Print version ISSN 1807-5932
Clinics vol.65 no.2 São Paulo 2010
Sacrococcygeal pilonidal disease: analysis of previously proposed risk factors
Ali HarlakI; Oner MentesI; Selim KilicII; Kagan CoskunI; Kazim DumanIII; Fahri YilmazIV
IDepartmen of General Surgery, Gulhane Military Medical Academy - Ankara, Turkey
IIDepartment of Public Health, Gulhane Military Medical Academy - Ankara, Turkey
IIIDepartment of General Surgery, Gumussuyu Military Hospital - Istanbul, Turkey
IVDepartment of General Surgery, Golcuk Military Hospital - Golcuk, Turkey. Email: email@example.com. Tel.: 90 3123045015
PURPOSE: Sacrococcygeal pilonidal disease is a source of one of the most common surgical problems among young adults. While male gender, obesity, occupations requiring sitting, deep natal clefts, excessive body hair, poor body hygiene and excessive sweating are described as the main risk factors for this disease, most of these need to be verified with a clinical trial. The present study aimed to evaluate the value and effect of these factors on pilonidal disease.
METHOD: Previously proposed main risk factors were evaluated in a prospective case control study that included 587 patients with pilonidal disease and 2,780 healthy control patients.
RESULTS: Stiffness of body hair, number of baths and time spent seated per day were the three most predictive risk factors. Adjusted odds ratios were 9.23, 6.33 and 4.03, respectively (p<0.001). With an adjusted odds ratio of 1.3 (p<.001), body mass index was another risk factor. Family history was not statistically different between the groups and there was no specific occupation associated with the disease.
CONCLUSIONS: Hairy people who sit down for more than six hours a day and those who take a bath two or less times per week are at a 219-fold increased risk for sacrococcygeal pilonidal disease than those without these risk factors. For people with a great deal of hair, there is a greater need for them to clean their intergluteal sulcus. People who engage in work that requires sitting in a seat for long periods of time should choose more comfortable seats and should also try to stand whenever possible.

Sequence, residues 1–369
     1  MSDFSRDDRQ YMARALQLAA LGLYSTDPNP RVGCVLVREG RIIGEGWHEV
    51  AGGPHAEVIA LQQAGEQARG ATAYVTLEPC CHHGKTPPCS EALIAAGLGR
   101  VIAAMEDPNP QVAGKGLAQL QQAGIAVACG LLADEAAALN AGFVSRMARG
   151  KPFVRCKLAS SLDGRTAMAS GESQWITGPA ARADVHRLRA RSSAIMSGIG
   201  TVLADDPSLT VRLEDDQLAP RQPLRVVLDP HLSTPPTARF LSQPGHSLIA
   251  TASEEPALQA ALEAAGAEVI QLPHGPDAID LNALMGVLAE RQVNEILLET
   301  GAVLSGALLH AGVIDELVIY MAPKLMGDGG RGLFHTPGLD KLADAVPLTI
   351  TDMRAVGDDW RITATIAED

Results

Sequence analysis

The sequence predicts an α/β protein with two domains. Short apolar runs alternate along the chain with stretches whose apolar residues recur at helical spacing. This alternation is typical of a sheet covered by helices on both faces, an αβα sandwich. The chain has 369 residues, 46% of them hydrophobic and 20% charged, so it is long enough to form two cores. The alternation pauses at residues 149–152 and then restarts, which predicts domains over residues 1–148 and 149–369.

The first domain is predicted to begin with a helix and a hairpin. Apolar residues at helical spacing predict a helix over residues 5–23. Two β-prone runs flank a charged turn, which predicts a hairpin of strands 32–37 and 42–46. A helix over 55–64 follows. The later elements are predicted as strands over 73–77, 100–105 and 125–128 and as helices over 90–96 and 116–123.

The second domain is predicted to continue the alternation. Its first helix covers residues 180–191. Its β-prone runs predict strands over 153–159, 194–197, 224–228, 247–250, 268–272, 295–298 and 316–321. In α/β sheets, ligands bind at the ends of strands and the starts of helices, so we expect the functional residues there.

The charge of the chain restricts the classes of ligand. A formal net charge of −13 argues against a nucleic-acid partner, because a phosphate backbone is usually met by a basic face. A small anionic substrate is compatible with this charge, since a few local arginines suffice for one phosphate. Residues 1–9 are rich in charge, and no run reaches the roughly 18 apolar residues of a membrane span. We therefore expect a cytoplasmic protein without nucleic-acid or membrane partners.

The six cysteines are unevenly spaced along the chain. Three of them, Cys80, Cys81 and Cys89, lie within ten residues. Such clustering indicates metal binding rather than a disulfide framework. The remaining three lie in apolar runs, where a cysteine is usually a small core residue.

Keywords: Pilonidal disease; Pilonidal sinus; Sacrococcygeal; Risk factors; Etiology; Stiffness of body hair; Body Mass Index; BMI.
Sacrococcygeal pilonidal disease (SPD) is a well recognized source of a common surgical problem affecting primarily white men between puberty and their early thirties.1 The name of the disease originated from Latin, meaning nest of hair. The disease frequently occurs as a chronic infection of the skin in the region of the buttock crease. SPD was first described by Hodges in 1880 and later, in 1833, was described by Herbert Mayo as a hair-containing sinus.2 Mayo's findings were of a characteristic epithelial track (the sinus) that generally contains hair and is located in the skin of the natal cleft. The condition was commonly diagnosed in jeep drivers during the Second World War, which led to it being known as "jeep disease."3 Although not as common, pilonidal disease may occur in other body parts, such as the clefts between the fingers of barbers or hairdressers.4
For a long time, the cause of SPD has been a matter of debate. Until the second half of the 20th century, SPD was thought to be secondary to a congenital remnant of an epithelial-lined tract of postcoccygeal epidermal cell rests or vestigial scent cells. A variety of explanations have supported the congenital theory. Some authors have suggested that the persistence of a caudal remnant of the neural canal forms small cysts, which cause SPD.5 Another hypothesis for SPD provides that SPD is the result of a formation of dermal inclusions by the cystic changes of sequestered epithelial rests.6 Excessive involution of the human tail has been accused of attracting skin into a subcutaneous area and results in an epithelium-lined tract.7 SPD is now, however, widely accepted as an acquired disorder. SPD is more common in men and in hirsute people.1 It usually occurs after puberty, and a linkage between the disease and various occupations has been demonstrated.1 In addition, there is a high recurrence rate of SPD after surgical excision. These factors argue against the validity of the congenital theory to explain SPD. Further, congenital tracts do not contain hair and are lined by cuboidal epithelium.8
Male gender, obesity, occupations or sports requiring sitting, a deep natal cleft, excessive body hair, stiff or coarse hair, poor body hygiene and excessive sweating are described as the primary risk factors for SPD.9 However, there is a noted lack of prospective studies in the literature that analyze and confirm these risk factors. There are only a few studies evaluating risk factors for SPD, and they are generally focused on the role of obesity.11,12